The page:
It was reported Monday that The FDA linked a California company's fresh spinach to the outbreak, which has killed one person and sickened at least 108 others. Investigators are working to pinpoint the source of the bacteria. Possible sources include contaminated irrigation water, known to be a problem in the state's Salinas Valley, a major produce-growing area.
"At this time we have no evidence supporting tampering," FDA spokeswoman Susan Bro said.
From the time spinach leaves first poke out of the ground, the greatest threat comes from human and animal waste, the most common sources of E. coli.
Food health experts say the germ can be spread a multitude of ways — by manure, by contaminated irrigation water, by farmhands relieving themselves in the field, by inadequate washing by processors, by insufficient refrigeration that promotes the growth of bacteria in sealed bags of salad greens.
>Leafy vegetables are the second leading source of E. coli infections in the United States, behind ground beef, but the government relies primarily on voluntary safety steps by farmers and packagers to prevent outbreaks.
>A FDA spokesperson dismissed a claim by Natural Selection Foods LLC, the country's largest grower of organic produce, that its organic spinach products had been cleared of suspicion. "The FDA has not cleared any products from the list and continues to recommend consumers avoid eating fresh spinach products," Bro said.
>Some 34 separate brands of bagged spinach are packed by Natural Selection, CBS News correspondent John Blackstone reports. Its variety of labels can be found in every major city and 74 percent of America's supermarkets.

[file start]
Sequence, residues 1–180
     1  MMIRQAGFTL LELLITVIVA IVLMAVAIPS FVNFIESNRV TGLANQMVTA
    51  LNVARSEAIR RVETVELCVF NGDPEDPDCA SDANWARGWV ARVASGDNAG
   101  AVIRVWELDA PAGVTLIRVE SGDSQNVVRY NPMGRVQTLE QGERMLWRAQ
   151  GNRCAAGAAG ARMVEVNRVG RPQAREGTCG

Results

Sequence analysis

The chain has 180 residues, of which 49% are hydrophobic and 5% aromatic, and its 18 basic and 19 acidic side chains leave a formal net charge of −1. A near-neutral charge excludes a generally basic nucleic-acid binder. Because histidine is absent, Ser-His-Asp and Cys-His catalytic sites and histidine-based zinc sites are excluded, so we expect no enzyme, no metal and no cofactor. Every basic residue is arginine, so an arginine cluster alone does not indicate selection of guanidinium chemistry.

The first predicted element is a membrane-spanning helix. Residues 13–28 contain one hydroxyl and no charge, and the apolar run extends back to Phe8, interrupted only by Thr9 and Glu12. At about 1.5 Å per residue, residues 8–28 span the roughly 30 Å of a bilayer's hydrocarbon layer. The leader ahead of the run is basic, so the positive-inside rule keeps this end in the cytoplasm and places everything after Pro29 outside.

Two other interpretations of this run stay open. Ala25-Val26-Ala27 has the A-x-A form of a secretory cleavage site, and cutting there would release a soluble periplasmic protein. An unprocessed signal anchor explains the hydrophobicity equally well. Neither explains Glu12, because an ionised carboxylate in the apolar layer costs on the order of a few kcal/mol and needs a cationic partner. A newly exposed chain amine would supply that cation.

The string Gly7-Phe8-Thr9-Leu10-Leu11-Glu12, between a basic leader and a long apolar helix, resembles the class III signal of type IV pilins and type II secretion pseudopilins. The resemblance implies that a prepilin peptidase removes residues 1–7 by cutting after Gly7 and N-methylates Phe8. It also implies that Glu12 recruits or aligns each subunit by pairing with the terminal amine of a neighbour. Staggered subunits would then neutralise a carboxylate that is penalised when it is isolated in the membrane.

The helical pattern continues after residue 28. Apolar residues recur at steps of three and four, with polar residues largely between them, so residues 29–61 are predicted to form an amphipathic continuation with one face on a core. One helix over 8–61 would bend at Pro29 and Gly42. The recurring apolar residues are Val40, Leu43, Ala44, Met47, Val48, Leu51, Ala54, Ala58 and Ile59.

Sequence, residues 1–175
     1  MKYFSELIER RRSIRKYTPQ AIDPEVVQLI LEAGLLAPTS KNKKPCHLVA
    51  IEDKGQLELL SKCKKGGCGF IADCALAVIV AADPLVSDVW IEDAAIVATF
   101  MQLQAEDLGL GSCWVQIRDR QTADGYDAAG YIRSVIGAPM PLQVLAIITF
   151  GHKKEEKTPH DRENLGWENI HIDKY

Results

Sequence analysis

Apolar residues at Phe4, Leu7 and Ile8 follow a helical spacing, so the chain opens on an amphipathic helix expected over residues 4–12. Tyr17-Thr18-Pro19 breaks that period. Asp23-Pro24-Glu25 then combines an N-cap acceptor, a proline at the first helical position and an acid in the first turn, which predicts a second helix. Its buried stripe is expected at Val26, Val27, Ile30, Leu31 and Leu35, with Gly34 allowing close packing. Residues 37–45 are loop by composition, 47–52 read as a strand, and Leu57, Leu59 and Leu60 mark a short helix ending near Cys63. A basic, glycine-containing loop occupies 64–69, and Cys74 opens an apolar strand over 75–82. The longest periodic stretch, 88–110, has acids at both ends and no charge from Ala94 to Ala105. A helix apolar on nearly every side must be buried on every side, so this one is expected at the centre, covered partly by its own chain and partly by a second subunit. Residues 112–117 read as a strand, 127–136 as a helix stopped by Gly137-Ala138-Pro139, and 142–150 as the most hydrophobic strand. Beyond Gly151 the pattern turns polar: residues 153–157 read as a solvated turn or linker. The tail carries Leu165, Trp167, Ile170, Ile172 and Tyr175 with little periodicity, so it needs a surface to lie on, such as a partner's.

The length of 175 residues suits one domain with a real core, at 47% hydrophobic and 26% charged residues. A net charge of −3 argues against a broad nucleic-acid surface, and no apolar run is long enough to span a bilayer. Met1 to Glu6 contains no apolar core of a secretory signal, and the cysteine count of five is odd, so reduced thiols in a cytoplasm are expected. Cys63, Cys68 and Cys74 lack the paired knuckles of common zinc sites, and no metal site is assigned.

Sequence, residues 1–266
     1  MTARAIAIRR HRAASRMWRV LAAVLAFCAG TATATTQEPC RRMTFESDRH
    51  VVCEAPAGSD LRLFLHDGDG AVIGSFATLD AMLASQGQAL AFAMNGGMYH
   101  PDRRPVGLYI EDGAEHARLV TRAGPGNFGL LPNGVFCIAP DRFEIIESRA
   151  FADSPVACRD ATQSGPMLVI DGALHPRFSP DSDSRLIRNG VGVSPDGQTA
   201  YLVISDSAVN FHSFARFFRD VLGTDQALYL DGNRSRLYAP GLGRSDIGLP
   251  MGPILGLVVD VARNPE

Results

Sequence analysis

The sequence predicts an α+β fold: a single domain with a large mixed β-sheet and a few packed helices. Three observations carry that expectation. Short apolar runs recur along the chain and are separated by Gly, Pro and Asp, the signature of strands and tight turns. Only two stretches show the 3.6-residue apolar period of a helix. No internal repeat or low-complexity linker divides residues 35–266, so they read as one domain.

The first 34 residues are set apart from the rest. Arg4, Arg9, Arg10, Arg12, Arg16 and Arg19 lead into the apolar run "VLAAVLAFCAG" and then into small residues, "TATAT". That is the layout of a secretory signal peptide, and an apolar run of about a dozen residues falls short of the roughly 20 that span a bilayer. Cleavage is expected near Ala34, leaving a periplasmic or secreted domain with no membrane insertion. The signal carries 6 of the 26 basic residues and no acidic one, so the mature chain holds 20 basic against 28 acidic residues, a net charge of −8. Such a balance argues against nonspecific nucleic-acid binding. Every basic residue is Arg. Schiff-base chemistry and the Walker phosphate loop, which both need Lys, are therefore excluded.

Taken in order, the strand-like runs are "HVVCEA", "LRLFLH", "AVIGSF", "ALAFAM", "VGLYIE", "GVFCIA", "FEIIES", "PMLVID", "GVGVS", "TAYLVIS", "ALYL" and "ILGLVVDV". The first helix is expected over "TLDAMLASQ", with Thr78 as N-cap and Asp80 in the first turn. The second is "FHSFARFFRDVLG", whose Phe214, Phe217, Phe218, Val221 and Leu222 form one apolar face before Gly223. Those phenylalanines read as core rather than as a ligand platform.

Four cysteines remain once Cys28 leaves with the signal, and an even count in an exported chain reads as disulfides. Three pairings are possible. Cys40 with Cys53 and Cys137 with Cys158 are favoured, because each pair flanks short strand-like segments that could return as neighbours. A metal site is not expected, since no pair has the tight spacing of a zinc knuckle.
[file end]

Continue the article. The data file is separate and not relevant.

>Meanwhile, a Glenview, Ill., restaurant sued the California food company Monday, 양산출장안마 seeking compensation for spinach — infected or not — that had to be discarded, the Chicago Tribune report
/>Some consumer groups believe the government should do more to regulate farming and packaging, including the quality of water used for irrigation, the application of manure and sanitary facilities used by worker
/>"The safeguards are not in place to protect fruits and vegetables in the same way that they are for beef and poultry," said Caroline Smith DeWaal, food-safety director at the Center for Science in the Public Interes
/>Foodborne illnesses in the United States cost about $7 billion annually, including medical expenses and productivity losses from missed work, according to estimates from the federal governmen
/>The U.S. food supply is governed by a complex system administered by 15 agencies. Lawmakers in past years have introduced legislation to make one agency responsible for food safet
/>Federal officials have also raised concerns that the food supply is vulnerable to contamination by terrorists. Just before leaving office in December 2004, Health and Human Services Secretary Tommy Thompson said he worries "every single night" about a possible terror attack on the food supply.